The Heroes Act was introduced in the House of Representatives and could be voted on in the Democratic-led chamber as early as this week.
President Donald Trump has also said recently that he is against rushing through new coronavirus legislation.
Trump has signed four pandemic relief measures into law in recent months.
They including a massive, $2.2 trillion rescue package in March known as the Cares Act, and a $483 billion measure to pump funds into a popular loan program for small businesses devastated by lockdowns.
The new bill, which House Speaker Nancy Pelosi dubs Cares 2, includes a second round of payments of up to $6,000 per household, in an effort to ease the burden for tens of millions of Americans who have lost jobs in the pandemic.
It also funds health workers and emergency responders, expands virus testing and tracing, boosts lending to small businesses, bolsters housing assistance and strengthens food security for poor families.
“We face the biggest catastrophe in our nation’s history,” Pelosi, Washington’s top Democrat, said in introducing the bill.
Congress “must act boldly,” she added.
“If we don’t, it will cost more in lives and livelihoods later. Not acting is the most expensive course.”
Senate and House Republicans swiftly opposed what they described as a bloated liberal wish list.
“What Nancy Pelosi is proposing will never pass the Senate,” Senator John Barrasso told reporters.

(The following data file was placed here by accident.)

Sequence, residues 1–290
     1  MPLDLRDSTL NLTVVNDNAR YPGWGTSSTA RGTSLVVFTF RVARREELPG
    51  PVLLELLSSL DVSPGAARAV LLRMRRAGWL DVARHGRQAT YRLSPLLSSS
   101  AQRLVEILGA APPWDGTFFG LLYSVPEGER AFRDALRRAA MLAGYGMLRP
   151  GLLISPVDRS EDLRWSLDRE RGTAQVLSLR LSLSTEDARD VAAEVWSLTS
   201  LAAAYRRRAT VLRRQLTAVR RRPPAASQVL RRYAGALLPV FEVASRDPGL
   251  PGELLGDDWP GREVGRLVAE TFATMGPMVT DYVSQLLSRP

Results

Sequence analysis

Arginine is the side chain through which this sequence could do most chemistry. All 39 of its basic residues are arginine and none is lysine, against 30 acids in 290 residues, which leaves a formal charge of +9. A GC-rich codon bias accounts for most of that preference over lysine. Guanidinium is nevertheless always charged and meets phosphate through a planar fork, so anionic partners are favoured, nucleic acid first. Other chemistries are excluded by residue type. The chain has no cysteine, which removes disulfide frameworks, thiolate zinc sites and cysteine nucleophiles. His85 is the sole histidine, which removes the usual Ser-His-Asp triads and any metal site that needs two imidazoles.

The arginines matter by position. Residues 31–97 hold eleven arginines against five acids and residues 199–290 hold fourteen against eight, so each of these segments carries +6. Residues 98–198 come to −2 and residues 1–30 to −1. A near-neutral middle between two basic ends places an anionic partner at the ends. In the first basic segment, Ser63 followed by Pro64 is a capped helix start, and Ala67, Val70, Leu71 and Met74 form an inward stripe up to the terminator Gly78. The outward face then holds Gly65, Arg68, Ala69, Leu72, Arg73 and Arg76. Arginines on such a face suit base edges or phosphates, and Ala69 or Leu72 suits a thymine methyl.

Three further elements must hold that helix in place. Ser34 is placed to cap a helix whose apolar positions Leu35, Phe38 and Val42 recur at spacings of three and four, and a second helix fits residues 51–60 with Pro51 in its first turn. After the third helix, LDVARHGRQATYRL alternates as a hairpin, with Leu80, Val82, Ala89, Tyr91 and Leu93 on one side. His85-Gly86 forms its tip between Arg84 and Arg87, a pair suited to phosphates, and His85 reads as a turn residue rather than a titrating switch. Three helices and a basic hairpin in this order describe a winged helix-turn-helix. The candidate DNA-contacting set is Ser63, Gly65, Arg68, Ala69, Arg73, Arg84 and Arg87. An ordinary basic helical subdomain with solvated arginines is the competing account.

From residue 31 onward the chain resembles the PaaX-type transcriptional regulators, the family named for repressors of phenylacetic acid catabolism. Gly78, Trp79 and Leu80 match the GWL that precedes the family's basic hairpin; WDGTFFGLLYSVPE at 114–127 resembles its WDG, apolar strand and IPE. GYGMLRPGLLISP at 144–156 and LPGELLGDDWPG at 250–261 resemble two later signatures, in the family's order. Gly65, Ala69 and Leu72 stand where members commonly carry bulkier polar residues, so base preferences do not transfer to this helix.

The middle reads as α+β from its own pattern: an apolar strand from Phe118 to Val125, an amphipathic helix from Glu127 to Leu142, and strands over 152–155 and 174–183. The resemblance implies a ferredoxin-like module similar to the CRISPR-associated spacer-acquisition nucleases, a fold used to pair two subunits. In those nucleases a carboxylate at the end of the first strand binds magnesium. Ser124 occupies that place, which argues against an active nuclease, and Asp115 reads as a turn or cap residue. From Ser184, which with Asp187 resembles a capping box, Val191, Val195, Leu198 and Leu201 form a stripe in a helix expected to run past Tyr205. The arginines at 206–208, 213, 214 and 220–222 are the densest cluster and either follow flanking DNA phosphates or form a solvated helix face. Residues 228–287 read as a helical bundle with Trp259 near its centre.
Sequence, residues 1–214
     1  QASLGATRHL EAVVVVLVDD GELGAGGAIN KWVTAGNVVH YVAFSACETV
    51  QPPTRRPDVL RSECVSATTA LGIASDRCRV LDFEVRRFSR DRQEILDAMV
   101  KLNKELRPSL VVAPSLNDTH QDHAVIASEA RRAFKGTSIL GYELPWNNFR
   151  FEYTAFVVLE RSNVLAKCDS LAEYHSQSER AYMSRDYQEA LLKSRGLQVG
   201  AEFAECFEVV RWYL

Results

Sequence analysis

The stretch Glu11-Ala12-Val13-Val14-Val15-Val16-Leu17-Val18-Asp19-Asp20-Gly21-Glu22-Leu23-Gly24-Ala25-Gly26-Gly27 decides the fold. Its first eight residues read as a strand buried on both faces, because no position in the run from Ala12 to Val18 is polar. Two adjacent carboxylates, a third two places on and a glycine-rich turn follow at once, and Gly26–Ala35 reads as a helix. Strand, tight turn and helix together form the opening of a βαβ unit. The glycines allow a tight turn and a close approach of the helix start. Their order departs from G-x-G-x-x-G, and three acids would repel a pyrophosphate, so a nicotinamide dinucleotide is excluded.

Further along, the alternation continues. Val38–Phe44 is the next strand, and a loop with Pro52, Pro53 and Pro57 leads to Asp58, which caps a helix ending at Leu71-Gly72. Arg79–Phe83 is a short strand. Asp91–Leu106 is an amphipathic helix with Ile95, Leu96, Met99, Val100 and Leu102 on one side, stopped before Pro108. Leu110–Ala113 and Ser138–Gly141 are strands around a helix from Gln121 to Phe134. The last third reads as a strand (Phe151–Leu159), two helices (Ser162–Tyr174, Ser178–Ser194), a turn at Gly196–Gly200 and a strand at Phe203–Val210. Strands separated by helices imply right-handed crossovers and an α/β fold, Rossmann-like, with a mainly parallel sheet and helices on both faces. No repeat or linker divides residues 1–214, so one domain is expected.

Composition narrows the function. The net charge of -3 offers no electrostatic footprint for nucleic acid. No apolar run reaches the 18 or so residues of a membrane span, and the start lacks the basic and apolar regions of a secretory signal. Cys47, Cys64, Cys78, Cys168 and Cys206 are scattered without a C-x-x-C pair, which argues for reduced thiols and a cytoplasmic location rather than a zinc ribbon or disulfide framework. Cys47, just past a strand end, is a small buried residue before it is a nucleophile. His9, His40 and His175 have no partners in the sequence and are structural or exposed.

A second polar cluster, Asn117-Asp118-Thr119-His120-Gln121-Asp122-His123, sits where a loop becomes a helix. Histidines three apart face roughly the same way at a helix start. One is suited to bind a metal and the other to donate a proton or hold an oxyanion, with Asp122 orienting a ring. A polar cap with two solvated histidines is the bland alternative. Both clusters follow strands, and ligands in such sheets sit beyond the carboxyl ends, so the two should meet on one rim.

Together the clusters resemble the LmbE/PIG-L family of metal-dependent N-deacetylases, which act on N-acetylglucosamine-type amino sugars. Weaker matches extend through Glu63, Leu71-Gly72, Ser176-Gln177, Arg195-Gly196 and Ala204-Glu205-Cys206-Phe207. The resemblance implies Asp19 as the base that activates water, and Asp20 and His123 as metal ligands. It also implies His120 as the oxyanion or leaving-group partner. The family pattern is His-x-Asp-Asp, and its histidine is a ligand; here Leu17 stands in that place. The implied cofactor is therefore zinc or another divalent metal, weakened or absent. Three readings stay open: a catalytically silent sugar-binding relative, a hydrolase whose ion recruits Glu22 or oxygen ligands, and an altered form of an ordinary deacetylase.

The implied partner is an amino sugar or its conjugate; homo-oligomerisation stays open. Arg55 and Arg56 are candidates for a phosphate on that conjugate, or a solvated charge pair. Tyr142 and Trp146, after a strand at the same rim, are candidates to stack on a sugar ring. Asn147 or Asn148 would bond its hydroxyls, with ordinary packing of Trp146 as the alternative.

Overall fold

The measure includes funding for US elections including measures to expand early voting and voting by mail, moves that some Republicans oppose.
It also directs nearly $1 trillion to state, local and tribal governments whose revenues have been depleted by battling coronavirus, and reserves $200 billion for a “Heroes fund” that provides hazard pay for essential workers.
Pelosi spoke to the unprecedented nature of the pandemic and its effects on the US economy and society at large, and took issue with Republicans who have urged a “pause” on new emergency measures.
“Hunger doesn’t take a pause, rent doesn’t take a pause, bills don’t take a pause, the hardship of losing a job or tragically losing a loved one doesn’t take a pause,” she said.
“We all know that we must put more money in the pockets of the American people. This is not just necessary for their survival, but it is also a stimulus to the economy.”
© 2020 AFP